A few weeks ago many EAC pundits were busy analyzing whether South-Sudan should be allowed into the EAC bloc or not. We can say that we were caught off-guard when the current insurrection broke out because the attention of the world and the region was on Mandela’s passing and the 50th independence anniversary celebrations in Kenya. But all along the indications had been there of a possible stand-off between the two prominent politicians: President Salva Kiir and his former vice president, Riek Machar. When president Kiir sacked all his cabinet including Machar, he betrayed political amateurishness and the simmering tribal tensions within the world’s youngest country.
So many perspectives of analysis can be used to understand what is going on in South-Sudan but in this brief analysis we can focus on the threat that this outbreak of violence reveals. But time of posting this reports indicate that about 500 people have been killed so far and many more injured. Both world powers such as USA and UK and neighboring EAC countries Uganda, Kenya, etc are frantically trying to evacuate their nationals caught up in the mess. A key lesson that we learn from this episode of fighting in SS is that it is not viable to argue that EAC should keep away from affairs in their neighbors. Everyone seems to agree that it was necessary for governments to send in evacuation troops to rescue their nationals. It is interesting that the UN which has traditionally blamed countries like Uganda for meddling in regional affairs was calling for Museveni to intervene to avoid escalation of violence in SS. So in principle, the EAC need to monitor what takes place in their backyards so that violence does not overrun the region.
Did he make a mistake by sacking VP in a government of national unity
The other key observation is that the EAC faces a key existential threat that has largely not been given attention. There are pundits who argue that one of the problems that the bloc suffers from is a lack of a common existential threat that can act as an adhesive. But such analysis is usually externalistic – the tendency to search for EAC’s common existential threat from outside the bloc – such pundits imagine a military takeover or overrun from a super power across the globe. But the 2013 outbreak of violence in South-Sudan reveals to us that there is another and far more problematic existential threat that is within the region i.e. tribal differences. If there is any threat that ought to bring the region together is the resolution of that problem. The regional bloc would provide ‘breathing space’ for tribal differences and diffuse the local jostling over resources especially in resource-stricken members. As Chidi (2013) as argued, violence is the main existential threat to Africa as a whole and there is need to understand the nature of these threats and find possible solutions to them.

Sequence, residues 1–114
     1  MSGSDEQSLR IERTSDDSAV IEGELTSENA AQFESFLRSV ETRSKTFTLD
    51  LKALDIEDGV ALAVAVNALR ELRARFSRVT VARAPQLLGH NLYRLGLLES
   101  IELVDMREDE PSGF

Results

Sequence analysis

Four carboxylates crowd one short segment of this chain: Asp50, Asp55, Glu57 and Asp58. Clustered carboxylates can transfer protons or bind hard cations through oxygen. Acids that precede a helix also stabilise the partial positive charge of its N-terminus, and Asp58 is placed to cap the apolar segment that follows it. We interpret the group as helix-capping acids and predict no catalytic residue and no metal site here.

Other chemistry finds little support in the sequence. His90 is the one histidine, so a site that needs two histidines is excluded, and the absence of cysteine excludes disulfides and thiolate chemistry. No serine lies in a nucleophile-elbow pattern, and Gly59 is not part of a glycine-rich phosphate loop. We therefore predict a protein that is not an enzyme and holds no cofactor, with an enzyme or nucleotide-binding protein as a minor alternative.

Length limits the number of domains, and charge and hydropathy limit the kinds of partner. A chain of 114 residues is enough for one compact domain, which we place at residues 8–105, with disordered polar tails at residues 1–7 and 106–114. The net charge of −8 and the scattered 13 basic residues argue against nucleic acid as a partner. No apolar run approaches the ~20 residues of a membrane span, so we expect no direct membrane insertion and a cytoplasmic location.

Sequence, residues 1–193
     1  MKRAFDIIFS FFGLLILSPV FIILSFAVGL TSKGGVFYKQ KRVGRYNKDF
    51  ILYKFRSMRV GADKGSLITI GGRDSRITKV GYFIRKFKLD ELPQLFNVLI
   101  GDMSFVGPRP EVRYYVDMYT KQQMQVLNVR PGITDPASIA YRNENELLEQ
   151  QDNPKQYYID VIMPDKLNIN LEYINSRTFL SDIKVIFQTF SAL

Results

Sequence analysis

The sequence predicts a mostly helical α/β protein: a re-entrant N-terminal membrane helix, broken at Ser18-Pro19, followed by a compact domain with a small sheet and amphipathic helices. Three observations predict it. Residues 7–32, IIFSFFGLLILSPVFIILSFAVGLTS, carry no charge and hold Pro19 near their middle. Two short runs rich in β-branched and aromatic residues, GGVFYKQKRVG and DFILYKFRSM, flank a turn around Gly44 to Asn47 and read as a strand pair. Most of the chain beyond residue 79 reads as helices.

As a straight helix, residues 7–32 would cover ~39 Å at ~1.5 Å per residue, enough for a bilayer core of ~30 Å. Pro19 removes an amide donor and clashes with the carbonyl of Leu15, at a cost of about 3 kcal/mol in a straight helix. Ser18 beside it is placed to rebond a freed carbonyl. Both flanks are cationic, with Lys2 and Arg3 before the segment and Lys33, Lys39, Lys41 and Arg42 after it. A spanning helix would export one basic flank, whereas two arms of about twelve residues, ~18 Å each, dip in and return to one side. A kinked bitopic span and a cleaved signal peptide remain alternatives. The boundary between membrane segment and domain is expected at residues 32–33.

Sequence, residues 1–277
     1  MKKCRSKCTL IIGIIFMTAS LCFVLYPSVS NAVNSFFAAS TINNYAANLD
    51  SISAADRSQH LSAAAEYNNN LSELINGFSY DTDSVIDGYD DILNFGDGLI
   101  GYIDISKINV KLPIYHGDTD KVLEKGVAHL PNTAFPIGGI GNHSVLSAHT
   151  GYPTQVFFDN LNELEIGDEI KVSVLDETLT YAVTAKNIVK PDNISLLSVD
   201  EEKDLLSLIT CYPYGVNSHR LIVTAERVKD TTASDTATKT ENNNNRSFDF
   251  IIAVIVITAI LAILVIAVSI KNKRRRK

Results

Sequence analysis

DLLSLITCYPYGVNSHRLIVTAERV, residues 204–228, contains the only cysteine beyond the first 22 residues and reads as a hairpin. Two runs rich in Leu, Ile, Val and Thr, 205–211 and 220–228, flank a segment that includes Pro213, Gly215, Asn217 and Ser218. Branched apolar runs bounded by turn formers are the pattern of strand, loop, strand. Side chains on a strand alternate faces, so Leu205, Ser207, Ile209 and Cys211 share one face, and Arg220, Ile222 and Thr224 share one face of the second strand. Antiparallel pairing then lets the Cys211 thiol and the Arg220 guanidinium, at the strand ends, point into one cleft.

Even though Kiir’s government has tried to change the narrative about the violence in SS not to be seen as a tribal conflict, all indicators point to exactly that. Kiir is of the largest tribe in SS the Dinka while Machar is from the second biggest tribe the Nuer. These two tribes traditionally fought for political and economic power even before the young nation was born. Even the late Garang, despite his enormous leadership appeal in SS and internationally, had problems containing Machar and his warrior tribesmen of the Nuer tribe. There were several times during the rebellion when Machar broke off the SPLA with his loyal tribesmen and allied with either their common enemy Bashir of Sudan or with other forces. This almost derailed the birth of the nation: even though towards the time of the referendum the Garang had tilted remaining in the bigger Sudan, those with insider information claim that he had feared the retaliation from the alliance between Machar and Bashir.